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Dino Saluzzi Group — Juan Condori
(ECM 1978, 2006, CD)
by Jeff Melton, Published 2007-03-01
Bandoneon playing within a jazz structure is not a new idea, as it dates back to the 50s with many French and international acts, exemplified by Django Reinhardt’s hot bands. Argentinian native Dino Saluzzi’s contemporary approach on the instrument as a melodic centerpiece for jazz ensemble is prominently grounded on chordal and lyrical phrasing. This is only his fifth international recording on ECM and this outing sees his playing in a full group context supported by sensitive all-acoustic backing. Felix Saluzzi’s woodwinds, and in particular his clarinet playing, offer good melodic counterpoint across the disc showing a keen ear for compatible sounding soloists. The title track is a purely sweet ballad named for a long-time personal friend and features perhaps the best interplay between ensemble, with bassist Matias Saluzzi and drummer U.T. Ghandi adeptly gluing pulses together. Guitarist José Maria Saluzzi is clearly capable in creating good economical interplay, as heard on the opening cut, “La Vuelta de Pedro Orillas,” as well as adding appropriate straight tone fills. His Pat Metheny-esque fills and chording heard on “Soles / La Camposantena” offer up his best performance on the disk. One of the more assertive pieces on the disc is the tango “Memoria,” which indicates a comfortable unforced arrangement. The rhythm section is confident and spirited, underpinning the tempo across the twelve pieces. “Chiriguano” is possibly the most ethereal world music piece on this disc where the guitarist imparts a warm tone driving a passive ambiguous mood. Overall the disc serves as a fine jazz marker for unusual and persuasive jazz influences.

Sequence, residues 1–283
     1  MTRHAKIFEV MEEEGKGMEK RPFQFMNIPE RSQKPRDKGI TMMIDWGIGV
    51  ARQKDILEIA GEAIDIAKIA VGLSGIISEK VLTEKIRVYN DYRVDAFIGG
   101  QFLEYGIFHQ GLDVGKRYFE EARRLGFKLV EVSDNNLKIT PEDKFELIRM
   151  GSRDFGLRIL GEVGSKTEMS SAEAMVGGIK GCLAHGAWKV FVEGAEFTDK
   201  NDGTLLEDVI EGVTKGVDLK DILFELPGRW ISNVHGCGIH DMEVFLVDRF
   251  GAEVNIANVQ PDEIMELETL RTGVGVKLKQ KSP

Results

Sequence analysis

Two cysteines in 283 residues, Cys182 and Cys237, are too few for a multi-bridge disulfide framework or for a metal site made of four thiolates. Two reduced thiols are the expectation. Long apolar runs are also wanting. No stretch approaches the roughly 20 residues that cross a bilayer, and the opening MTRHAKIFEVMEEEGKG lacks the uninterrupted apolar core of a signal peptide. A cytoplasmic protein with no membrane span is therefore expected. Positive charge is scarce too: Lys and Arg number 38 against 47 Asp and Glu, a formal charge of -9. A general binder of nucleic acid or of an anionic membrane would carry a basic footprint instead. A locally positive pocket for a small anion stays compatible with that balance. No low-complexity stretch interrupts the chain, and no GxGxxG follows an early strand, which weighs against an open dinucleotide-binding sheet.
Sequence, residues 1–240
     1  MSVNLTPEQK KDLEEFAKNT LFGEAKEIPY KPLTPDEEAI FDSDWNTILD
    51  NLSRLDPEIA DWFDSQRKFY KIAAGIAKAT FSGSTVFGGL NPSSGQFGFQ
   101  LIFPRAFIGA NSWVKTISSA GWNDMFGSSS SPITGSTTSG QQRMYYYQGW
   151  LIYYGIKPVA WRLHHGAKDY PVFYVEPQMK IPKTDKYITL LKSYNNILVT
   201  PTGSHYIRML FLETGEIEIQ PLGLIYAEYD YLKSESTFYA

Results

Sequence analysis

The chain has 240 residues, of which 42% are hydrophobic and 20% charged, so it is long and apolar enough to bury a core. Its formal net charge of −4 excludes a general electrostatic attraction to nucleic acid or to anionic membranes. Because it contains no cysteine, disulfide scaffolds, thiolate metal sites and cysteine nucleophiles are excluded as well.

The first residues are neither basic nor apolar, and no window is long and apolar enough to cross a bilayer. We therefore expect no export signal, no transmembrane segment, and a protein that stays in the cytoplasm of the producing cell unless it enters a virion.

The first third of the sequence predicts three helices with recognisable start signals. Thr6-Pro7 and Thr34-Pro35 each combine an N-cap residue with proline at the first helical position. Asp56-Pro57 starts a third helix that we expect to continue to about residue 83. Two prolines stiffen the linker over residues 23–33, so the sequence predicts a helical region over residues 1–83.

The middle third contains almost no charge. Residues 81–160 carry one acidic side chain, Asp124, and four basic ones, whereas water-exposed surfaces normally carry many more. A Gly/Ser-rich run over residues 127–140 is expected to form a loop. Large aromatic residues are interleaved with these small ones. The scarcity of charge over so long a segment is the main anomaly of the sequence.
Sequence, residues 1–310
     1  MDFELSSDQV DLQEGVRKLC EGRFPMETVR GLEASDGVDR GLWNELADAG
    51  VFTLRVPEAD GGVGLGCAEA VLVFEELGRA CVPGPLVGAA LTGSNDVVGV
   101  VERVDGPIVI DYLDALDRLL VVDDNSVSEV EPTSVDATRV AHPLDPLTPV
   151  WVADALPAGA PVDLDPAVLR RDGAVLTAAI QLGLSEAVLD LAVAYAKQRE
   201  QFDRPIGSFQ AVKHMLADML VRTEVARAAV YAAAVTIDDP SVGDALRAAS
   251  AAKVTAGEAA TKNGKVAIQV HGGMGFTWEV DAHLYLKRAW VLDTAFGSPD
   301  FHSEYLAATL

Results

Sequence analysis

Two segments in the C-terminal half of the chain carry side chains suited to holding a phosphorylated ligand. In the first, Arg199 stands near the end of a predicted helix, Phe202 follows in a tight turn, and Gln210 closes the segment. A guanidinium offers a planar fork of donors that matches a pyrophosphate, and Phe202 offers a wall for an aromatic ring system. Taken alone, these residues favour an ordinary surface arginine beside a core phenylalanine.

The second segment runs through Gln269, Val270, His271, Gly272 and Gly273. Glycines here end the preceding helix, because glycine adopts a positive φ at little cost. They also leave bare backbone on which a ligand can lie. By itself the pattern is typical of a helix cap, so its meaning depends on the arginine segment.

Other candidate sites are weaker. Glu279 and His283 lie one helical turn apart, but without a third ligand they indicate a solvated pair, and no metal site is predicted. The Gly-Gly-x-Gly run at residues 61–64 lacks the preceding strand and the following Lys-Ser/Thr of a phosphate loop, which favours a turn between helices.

Related artist(s): Dino Saluzzi
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